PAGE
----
DBPapers
DOI: 10.5593/SGEM2014/B31/S12.027

DEPENDENCE OF SALT LAKE WATER RESOURCES IN THE SOUTH OF WESTERN SIBERIA ON CLIMATE CHANGE

O. Nevidimova
Wednesday 1 October 2014 by Libadmin2014

References: 14th International Multidisciplinary Scientific GeoConference SGEM 2014, www.sgem.org, SGEM2014 Conference Proceedings, ISBN 978-619-7105-13-1 / ISSN 1314-2704, June 19-25, 2014, Book 3, Vol. 1, 207-214 pp

ABSTRACT
Numerous salt lakes in the forest-steppe zone of Western Siberia can boast with unrivaled biological productivity. They possess a great economical and ecological value, being used for centuries as important sources of water. At the same time, excessive anthropogenic pressure, accompanied by intensive land reclamation works, led to massive destruction of these natural systems. Also, the lakes suffer from natural cause of degradation, due to the change of the territory humidity degree and drainage of wetlands. This change occurred when the moisture reserve, previously allowing all wetland systems to endure dramatic changes in climatic conditions, became extinguished. The paper examines the impact of climate change on the condition of salt lakes, located in the south of Western Siberia, and on their individual components, both in inter-century and intra-century perspectives. The study was based on the analysis of cartographic sources, archived material, statistical analysis of long-term meteorological observations. Individual components, determining the water regimes of lakes, were characterized. The water balance of lakes, the territory humidity dynamics, fluctuations of the lake levels during the past 100 years were considered in detail. Synchrony of climatic periods and hydrological regimes of the lakes were described; the determining influence of atmospheric cyclonic circulation on the periodic variations of lake levels was confirmed. Despite the cyclic nature of lake regimes in the south of Western Siberia, the main trend in their current development is a gradual reduction of the aquatic area and its partition into smaller ponds.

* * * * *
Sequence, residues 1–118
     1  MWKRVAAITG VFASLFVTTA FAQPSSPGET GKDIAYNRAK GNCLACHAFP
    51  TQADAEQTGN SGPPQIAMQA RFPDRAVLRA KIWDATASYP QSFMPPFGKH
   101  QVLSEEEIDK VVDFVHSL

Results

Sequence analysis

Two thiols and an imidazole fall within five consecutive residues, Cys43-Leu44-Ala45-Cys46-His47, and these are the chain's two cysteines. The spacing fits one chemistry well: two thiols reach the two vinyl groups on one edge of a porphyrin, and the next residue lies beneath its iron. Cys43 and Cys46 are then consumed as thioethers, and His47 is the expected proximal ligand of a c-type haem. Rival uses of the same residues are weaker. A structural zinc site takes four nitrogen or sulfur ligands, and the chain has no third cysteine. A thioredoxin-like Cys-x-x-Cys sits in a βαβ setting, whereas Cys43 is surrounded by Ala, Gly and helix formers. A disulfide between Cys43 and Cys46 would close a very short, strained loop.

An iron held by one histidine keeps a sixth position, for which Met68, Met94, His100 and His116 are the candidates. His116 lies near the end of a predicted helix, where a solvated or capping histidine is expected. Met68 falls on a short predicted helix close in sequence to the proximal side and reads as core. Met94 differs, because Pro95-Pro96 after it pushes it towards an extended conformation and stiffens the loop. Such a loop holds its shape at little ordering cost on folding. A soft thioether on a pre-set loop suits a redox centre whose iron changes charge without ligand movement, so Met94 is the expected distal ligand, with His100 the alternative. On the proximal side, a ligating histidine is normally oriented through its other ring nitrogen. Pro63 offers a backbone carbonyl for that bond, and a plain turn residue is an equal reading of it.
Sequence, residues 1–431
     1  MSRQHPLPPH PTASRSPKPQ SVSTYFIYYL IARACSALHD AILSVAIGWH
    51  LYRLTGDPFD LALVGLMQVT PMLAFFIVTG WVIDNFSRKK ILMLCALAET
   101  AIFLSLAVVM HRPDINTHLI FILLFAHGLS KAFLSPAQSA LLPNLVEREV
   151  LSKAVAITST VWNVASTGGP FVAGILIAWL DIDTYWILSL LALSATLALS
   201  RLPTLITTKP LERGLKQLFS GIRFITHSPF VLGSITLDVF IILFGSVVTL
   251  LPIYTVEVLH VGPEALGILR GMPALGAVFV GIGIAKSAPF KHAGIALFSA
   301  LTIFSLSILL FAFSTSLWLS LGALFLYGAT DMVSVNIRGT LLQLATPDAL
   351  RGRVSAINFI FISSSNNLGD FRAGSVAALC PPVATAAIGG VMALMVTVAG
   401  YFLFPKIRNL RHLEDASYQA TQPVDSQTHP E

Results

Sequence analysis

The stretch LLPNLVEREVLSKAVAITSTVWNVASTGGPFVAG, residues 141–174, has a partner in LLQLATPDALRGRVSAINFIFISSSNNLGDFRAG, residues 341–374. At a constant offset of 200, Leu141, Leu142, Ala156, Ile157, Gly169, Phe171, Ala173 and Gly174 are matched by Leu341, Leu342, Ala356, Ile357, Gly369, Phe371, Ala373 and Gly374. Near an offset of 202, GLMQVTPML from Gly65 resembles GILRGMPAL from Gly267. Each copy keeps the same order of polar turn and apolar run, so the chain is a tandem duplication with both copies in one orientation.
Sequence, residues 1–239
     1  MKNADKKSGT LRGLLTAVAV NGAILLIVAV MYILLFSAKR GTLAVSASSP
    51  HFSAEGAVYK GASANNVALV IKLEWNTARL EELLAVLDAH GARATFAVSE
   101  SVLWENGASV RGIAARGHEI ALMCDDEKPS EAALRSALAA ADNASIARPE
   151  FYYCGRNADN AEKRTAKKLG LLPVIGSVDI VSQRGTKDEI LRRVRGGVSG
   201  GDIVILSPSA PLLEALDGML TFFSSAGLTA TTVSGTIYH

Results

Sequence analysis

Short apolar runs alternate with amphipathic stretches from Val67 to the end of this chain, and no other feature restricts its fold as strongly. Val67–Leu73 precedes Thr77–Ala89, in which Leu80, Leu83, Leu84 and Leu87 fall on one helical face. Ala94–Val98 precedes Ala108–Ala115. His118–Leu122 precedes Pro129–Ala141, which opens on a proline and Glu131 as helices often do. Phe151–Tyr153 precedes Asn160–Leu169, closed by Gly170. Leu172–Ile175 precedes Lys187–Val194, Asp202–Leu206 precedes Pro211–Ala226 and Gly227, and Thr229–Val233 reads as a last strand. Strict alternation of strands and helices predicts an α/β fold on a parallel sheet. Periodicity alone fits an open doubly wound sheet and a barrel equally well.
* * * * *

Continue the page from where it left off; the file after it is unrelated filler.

Keywords: hydrological regime, climate change, salt lakes, south of Western Siberia